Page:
MESSAGES: SENT AND RECEIVEDI
© 1981, Los Angeles Times-
Washington Post News Service
ATLANTA — A series of at least 38
unsolved killings of Atlanta-area girls and
women — most of them black and in their
teens and 20s — has taken place since late
U.S. city?" Georgia state ftep^ Mildred
Glover, Dh-Atianta, said Sunday.
Glover jalso urged Mayor Maynard H.
Jackson to relieve Brown of his command
to the task force.
"We need to treat this as a crisis now,"
she said; "It's no different than baseball.
; When you're in the fourth or fifth inning
1978 and has gone almost unnoticed be-j] and ym]re j^g ^^y you change pitch-
cause of the attention focused on metropolitan Atlanta's case of .28 murdered
young blacks, 26 of whom were males.
These additional homicides have aroused so much alarm at City Hall that Mary
Davis, w*ho heads the City Council's Pub-
lie Safety Committee, said she has now
asked Lee P. Brown, the city's public
safety commissioner, to give the committee a list of all unsolved slayings in'
Atlanta, "male and female, black and
" "We were concerned about so many*
women being killed that we wanted to
look at the other side of the coin," said
Davis, whose committee asked for and
received from Brown a list of homicides
of black females here for 1978 through
It is believed by some observers that
the number of unsolved slayings of females would exceed 38 if victims whose
bodies were found in all suburbs and
neighboring counties also were counted.
That procedure is already used in the
widely publicized case of black youths,
ages 7 to 27, whose slayings here since
July 1979 are being investigated by a special" police task force and FBI agents.
"The potential number is so staggering
that it's likely to be the worst problem of I
unsolved murders in the history of any !
Look at the language of
this editorial! 9 un-
have made an untenable intrusion into the marketplace. Their decision
trivialized the court
which is to act only on
the largest and most important issuas. The
Supreme Court should
"leave people alone and
let them go back to
handling their own
affairs." I wonder if
the Chronicle would
feel the same if the
issue were to do with
freedom of the press?
Oh, that's an important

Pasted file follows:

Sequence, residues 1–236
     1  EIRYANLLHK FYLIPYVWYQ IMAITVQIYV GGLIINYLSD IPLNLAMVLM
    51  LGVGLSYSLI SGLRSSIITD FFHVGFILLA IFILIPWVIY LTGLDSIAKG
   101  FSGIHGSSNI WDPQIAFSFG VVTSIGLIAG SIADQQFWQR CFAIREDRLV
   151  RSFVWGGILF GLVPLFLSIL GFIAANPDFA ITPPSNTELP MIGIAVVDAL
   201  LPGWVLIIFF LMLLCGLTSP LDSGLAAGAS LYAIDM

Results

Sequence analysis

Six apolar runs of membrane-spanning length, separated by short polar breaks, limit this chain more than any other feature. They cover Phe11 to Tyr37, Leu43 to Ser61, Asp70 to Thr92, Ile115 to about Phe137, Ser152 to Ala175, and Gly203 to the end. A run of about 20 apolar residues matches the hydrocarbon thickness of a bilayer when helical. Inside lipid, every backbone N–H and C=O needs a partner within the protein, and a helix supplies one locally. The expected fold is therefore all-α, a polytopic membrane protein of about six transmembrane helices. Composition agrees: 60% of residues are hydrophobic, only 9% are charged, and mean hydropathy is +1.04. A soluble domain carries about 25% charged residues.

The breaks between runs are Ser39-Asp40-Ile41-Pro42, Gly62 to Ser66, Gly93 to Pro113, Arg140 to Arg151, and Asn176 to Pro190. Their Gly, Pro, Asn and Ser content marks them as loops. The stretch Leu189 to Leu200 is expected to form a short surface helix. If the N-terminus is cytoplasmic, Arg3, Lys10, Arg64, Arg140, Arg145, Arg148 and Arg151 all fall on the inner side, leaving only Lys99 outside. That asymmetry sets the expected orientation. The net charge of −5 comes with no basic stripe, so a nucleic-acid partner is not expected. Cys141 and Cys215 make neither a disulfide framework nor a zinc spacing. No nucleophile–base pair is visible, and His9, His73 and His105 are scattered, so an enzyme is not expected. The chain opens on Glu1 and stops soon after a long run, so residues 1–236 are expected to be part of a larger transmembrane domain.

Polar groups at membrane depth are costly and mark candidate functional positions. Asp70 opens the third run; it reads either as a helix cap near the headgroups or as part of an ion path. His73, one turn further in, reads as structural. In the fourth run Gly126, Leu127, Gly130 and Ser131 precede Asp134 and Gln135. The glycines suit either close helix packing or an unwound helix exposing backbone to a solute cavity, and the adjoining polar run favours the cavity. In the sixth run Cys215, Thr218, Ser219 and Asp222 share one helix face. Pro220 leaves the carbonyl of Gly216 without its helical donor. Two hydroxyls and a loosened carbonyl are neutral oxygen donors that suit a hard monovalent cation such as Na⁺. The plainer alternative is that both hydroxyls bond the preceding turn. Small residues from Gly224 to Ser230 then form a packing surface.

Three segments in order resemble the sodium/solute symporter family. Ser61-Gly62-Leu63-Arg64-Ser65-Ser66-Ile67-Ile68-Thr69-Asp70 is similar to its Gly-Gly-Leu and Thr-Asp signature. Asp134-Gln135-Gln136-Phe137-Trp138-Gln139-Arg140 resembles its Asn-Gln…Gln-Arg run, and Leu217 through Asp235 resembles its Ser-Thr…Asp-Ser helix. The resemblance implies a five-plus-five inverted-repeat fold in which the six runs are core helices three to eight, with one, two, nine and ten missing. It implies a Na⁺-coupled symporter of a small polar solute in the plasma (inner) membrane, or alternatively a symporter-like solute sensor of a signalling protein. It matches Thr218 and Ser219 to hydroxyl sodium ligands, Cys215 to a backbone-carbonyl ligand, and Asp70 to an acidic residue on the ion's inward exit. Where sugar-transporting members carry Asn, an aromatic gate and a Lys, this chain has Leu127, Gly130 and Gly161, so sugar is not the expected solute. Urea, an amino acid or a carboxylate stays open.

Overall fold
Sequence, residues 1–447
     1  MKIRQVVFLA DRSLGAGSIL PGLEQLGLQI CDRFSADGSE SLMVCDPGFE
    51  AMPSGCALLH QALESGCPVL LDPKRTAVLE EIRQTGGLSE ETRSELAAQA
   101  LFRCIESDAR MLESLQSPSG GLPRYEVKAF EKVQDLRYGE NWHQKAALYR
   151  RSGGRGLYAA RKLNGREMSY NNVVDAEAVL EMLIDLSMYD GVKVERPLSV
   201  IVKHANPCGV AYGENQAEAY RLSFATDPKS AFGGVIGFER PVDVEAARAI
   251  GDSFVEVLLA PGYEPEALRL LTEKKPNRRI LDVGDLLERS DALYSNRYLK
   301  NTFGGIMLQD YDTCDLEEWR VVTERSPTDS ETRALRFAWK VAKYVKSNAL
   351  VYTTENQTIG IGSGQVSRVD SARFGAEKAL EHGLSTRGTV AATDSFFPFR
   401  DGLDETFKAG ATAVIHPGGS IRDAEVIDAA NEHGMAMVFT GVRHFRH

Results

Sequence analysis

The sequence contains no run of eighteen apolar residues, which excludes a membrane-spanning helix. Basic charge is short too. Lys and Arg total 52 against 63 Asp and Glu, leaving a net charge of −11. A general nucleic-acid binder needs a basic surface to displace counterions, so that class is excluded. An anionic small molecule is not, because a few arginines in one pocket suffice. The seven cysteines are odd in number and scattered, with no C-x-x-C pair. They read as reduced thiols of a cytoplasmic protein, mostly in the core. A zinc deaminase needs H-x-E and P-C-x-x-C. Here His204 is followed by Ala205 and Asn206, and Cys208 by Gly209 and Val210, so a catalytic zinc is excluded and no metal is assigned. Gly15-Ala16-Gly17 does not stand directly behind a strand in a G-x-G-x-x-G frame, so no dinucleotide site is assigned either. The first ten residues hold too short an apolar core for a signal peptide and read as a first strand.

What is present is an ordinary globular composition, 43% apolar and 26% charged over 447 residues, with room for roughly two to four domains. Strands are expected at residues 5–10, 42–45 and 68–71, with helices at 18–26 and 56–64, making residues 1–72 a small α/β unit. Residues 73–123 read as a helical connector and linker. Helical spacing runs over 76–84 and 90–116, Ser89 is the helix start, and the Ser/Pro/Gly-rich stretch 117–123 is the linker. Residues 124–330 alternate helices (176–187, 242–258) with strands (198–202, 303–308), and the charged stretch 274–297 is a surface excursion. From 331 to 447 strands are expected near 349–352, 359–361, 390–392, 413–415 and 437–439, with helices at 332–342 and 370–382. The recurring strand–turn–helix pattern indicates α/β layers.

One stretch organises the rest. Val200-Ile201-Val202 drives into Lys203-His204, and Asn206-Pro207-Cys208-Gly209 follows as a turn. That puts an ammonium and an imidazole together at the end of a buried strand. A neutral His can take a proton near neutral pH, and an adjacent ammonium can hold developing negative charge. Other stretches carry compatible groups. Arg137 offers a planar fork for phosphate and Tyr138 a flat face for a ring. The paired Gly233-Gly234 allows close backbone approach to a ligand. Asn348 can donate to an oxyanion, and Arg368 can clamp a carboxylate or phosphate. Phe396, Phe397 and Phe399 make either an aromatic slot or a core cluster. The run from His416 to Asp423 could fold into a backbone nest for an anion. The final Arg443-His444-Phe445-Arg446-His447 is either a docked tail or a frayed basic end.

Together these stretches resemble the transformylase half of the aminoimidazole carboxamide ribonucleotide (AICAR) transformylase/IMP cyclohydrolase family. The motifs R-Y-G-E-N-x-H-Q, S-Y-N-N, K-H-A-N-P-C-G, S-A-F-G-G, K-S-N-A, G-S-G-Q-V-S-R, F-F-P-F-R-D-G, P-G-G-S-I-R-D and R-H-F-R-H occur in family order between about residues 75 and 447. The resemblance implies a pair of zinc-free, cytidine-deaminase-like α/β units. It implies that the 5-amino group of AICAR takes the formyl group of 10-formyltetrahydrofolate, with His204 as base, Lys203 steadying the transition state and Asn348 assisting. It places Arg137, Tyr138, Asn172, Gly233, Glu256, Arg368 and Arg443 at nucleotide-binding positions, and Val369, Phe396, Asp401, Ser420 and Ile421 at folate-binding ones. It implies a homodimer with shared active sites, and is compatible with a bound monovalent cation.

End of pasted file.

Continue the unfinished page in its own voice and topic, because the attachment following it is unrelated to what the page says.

against women isn't. I
Brown, a target of frequent criticism
' because of the inability thus far of the
*task force to solve the cases, has been '
steadfastly supported by Jackson, who
appointed him in 1978. __ ^
Of the 28 young blacks whose slayings
are now assigned to the task force, only1
two were girls. Angel Lanta/32, was
strangled, and*LaTonya Wilson, 7, whose'
cause of death was undetermined.
Most of the other 38 female victims,
who range in age between 14 and 60, were
strangled or stabbed to death. Four of the
88 were white, including three young
women who were found strangled in
apartments during the last seven months
and a girl, 15, who was found shot to death
in 1979 — all in suburban DeKalb County,
where bodies of some of the officially listed black males were discovered
The headline should read that
President Reagan immediately
mobilized the Federal Bureau
of Investigation to enter the
investigation of this ghastly
slaughter cjust as he did the
the other murders that have
taken place in Atlanta. It
should, but it didn't—and 1
it probably never will. ]
In re Tom Bass, Harris County Commissioner for Precinct 1: In a two
page statement sent to Pat Kuhlmann
he accepts the position that life
that must be protected is present at
conception, but castigates Pro-Life
for single issue politics. Then he
states that as an elected official
he must represent his constituents
and should not impose his religious
beliefs on the public, but enough of
them oppose abortion to withhold
tax money from Jeff Davis' abortion
clinic. Ill the midst of this is a
statement that begs to be quoted:
"We all hold life preci£ous, but it
takes strong religious beliefs in the
afterlife to believe that ultimately
the abused child is better off than
the unborn child."
* ^r- (f ,s ;
the Supreme Court
ti+bs-roiO Ofrt*V/CME nXu«>€ /^J^f/
When is the U.S. Supreme Court
| gbjrig to get out of people's lives and
\ quit intruding into every detail of how
■ Americans work and live ?
I The American people did quite well
for ground 200 years with minimal
[attention in this respect from nine
jutaelected and unaccountable men.
'But for some years now it seems that
the Supreme Court has taken unto itself the position that it must be involved in the hour-by-hour functioning of
jy American life.
| ^Tbecojurt could hardly have provided a more vivid illustration of this
meddling than in its recent 54 decision involving pay for women. The
court has placed itself and the rest of
tbe federal judiciary squarely in the
position of assuming a right to judge
how much an employee is worth, or
conversely, is not worth. This was
made inevitable when the court went
beyond the question of equal pay for
identical work and ruled in favor of a
federal court right to make decisions
'ip the' vague realm of equal pay for
non-identical work. It is an untenable
intrusion into literally millions of individual judgments and decisions made
weekly in the marketplace.
In addition to all the other roles it
has assumed, the Supreme Court has
now set itself up as the national personnel manager.
This is trivializing the Supreme
Court. It was set up as a court of last
resort to resolve only the largest and
most difficult problems. The court has
over the years now changed that concept to involve itself in the most
minute facets of everyday activities.
That is an endless, self-generating
process. Each time the Supreme
Court does it, there is opened up a
whole new area of probing for federal
court authority over ordinary private
life and decision-making.
The more the Supreme Court has
intruded in this manner, the worse
things have become. It should leave
people alone and let them go back to
handling their own affairs.